The Brain tumour could now be detected using urine test.

The Brain tumour could now be detected using urine test.

According to the study, one possible sign that a person has a brain tumour is the presence of tumour-related extracellular vesicles in their urine.

EVs are nano-sized vesicles involved in a variety of functions, including cell-to-cell communication.

Because those found in brain cancer patients have specific types of RNA and membrane proteins, they could be used to detect the presence of cancer and its progression, the study said.

Although they are excreted far from the brain, many EVs from cancer cells exist stably and are excreted in the urine without breaking down, the study said.

Urine testing has many advantages,” explained Associate Professor Takao Yasui of Nagoya University Graduate School of Engineering.

“Liquid biopsy can be performed using many body fluids, but blood tests are invasive. Urine tests are an effective, simple, and non-invasive method because the urine contains many informative biomolecules that can be traced back to identify the disease,” said Yasui.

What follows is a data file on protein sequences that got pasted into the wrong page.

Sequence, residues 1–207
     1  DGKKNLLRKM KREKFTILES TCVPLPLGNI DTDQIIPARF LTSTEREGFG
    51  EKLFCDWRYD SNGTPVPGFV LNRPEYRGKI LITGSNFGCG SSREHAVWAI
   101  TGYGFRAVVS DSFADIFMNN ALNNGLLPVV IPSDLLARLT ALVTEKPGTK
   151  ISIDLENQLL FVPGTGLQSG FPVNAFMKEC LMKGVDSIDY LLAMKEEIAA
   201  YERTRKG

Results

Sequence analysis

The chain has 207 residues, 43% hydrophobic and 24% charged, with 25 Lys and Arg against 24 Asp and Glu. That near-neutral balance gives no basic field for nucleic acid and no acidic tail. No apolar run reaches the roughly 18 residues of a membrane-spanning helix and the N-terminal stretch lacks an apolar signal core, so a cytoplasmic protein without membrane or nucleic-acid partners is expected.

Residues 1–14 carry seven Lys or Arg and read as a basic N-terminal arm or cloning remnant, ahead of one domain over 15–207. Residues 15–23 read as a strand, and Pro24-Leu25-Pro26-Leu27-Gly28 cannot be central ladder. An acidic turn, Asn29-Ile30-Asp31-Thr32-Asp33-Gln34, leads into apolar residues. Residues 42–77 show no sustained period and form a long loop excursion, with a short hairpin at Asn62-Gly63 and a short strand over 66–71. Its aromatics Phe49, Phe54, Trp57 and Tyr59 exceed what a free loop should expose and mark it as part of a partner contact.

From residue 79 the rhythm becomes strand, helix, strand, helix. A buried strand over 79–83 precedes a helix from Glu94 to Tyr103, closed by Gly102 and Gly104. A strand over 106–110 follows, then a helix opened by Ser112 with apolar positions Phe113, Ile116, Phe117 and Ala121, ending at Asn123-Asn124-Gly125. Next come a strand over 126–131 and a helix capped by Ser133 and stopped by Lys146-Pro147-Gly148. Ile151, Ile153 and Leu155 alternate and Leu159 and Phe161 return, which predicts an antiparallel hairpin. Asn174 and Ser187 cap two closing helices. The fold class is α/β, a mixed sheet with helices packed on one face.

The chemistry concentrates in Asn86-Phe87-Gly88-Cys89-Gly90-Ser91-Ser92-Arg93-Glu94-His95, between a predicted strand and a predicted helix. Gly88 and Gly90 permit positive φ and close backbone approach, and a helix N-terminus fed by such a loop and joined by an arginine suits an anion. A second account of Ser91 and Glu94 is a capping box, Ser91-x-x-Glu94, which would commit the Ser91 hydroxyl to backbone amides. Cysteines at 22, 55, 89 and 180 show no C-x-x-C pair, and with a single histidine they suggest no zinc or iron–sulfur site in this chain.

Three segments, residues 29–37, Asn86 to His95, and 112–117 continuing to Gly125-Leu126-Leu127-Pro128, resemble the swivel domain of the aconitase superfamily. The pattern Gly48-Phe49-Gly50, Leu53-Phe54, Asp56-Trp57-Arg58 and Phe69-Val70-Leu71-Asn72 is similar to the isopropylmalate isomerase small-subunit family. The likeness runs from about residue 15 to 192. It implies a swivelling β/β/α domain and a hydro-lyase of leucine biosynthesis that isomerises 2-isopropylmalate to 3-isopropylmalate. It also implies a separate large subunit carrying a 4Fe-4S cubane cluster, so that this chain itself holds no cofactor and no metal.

A research group led by Nagoya University, in collaboration with the University of Tokyo, Japan, has developed a new analysis platform for brain tumour EVs using nanowires at the bottom of a well plate.

Although early detection of many types of cancer has contributed to the recent increases in cancer survival rates, the survival rate for brain tumours has remained almost unchanged for over 20 years. This is partly due to their late detection.

Physicians often discover brain tumours only after the onset of neurological symptoms, such as loss of movement or speech, by which time the tumour has reached a considerable size.

Detecting the tumour when it is still small, and starting treatment as soon as possible should help to save lives, the study said.

This research from Nagoya University, Japan, could also have potential implications for detecting other types of cancer, the study said. The research was published in the journal ACS Nano.

Scientists have used a new device to identify a key membrane protein in urine that indicates whether the patient has a brain tumour. According to their study, the protein used to detect brain cancer could avoid the need for invasive tests, and increase the likelihood of tumours being detected early enough for surgery.